A federal court recently found that the Forest Service’s actions regarding a trail over private land to a wilderness area created a public right to use of the trail under an easement. The court noted that the Forest Service and public actions regarding the trail over more than a five year period was sufficiently obvious to the landowner that it put the landowner on notice that the Forest Service was claiming a right to use of the land. The Forest Service had designated the trail as a Forest Service trail on its maps, which resulted in frequent public use. The evidence also showed that the landowner was fully aware of this public use for decades and did not object. In addition, the Forest Service maintained the trail since 1959, including logging activity, brushing, removing rocks and repairing a bridge on the trail.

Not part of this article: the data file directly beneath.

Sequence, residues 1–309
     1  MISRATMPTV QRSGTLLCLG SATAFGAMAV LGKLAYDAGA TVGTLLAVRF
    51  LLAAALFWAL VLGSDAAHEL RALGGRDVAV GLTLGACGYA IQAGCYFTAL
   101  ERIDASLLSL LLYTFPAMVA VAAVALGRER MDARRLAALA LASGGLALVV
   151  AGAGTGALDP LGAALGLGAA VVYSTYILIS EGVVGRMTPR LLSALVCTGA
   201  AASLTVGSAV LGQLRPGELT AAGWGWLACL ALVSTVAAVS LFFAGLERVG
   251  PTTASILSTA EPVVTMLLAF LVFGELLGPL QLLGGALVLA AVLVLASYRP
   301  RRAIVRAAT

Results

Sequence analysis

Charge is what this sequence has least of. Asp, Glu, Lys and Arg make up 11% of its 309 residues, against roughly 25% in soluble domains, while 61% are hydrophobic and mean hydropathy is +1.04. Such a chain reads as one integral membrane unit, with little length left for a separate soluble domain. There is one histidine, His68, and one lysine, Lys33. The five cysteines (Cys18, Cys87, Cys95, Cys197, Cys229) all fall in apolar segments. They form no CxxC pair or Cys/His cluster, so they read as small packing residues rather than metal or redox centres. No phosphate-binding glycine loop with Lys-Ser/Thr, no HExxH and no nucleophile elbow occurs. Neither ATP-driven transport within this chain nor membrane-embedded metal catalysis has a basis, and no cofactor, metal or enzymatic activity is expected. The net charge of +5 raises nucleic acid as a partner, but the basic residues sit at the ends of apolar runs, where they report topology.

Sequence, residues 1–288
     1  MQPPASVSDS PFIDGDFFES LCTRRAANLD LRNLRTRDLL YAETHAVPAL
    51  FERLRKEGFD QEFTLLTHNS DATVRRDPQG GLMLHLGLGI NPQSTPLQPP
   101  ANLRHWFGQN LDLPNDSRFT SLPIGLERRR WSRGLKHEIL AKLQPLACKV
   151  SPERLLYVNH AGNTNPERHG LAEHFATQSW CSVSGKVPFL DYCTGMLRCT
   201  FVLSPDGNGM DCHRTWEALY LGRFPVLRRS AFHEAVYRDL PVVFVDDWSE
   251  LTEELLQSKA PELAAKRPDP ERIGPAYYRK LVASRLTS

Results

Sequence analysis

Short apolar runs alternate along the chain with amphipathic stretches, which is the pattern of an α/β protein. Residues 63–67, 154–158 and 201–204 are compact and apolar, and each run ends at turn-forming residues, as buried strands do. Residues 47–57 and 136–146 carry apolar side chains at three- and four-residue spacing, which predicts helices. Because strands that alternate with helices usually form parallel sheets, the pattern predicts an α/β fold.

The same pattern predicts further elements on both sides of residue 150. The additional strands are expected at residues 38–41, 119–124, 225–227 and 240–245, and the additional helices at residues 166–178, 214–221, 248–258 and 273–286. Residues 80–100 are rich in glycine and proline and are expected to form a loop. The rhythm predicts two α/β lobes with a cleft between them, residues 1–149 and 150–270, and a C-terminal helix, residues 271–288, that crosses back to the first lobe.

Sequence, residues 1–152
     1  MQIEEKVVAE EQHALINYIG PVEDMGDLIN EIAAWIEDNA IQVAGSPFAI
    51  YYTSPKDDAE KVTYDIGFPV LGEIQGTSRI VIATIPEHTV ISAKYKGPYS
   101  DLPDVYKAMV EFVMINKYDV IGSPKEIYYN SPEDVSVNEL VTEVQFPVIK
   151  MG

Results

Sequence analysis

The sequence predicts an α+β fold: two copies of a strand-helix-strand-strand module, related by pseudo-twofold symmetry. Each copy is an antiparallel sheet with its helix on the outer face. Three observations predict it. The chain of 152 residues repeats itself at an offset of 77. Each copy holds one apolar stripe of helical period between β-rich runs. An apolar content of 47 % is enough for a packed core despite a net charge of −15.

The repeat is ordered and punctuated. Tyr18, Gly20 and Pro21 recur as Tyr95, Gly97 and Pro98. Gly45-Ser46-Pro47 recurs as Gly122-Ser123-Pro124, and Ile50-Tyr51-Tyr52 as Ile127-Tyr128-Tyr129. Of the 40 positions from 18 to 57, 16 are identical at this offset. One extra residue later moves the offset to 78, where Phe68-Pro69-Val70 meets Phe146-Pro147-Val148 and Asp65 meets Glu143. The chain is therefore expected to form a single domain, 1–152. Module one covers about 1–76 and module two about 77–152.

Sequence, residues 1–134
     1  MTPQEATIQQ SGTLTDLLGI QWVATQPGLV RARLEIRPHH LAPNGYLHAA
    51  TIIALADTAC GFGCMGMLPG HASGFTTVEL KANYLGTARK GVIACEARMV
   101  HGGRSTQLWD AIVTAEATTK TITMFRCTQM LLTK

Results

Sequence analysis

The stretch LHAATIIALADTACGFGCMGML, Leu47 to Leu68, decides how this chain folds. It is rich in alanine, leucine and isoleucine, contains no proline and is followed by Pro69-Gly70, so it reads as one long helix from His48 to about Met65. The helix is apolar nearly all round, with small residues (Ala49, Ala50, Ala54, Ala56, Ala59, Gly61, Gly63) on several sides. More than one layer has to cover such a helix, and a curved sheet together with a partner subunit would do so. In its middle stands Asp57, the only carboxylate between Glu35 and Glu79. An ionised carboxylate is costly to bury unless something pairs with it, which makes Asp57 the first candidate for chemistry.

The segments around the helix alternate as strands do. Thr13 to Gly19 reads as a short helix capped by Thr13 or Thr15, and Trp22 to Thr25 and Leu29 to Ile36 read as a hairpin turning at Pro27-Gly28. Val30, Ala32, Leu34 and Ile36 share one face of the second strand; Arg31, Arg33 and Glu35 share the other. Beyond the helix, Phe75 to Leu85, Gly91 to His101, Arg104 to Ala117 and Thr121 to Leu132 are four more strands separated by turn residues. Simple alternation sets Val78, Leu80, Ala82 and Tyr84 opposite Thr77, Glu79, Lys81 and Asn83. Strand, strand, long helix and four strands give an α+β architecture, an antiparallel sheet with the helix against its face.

While merely allowing a neighbor to access private property may not create a right to that access, the court found the use at issue was not by neighbors to the landowner. The court also noted that most of the trail users did not ask permission, which otherwise would show permissive use that would not lead to a right to use. The landowner also argued that the Forest Service’s attempts to purchase the land when the dispute arose was an admission that the agency did not have an easement. The court rejected this argument based on the agency’s assertion that its policy was to get easements in writing even when it believed the easement already existed.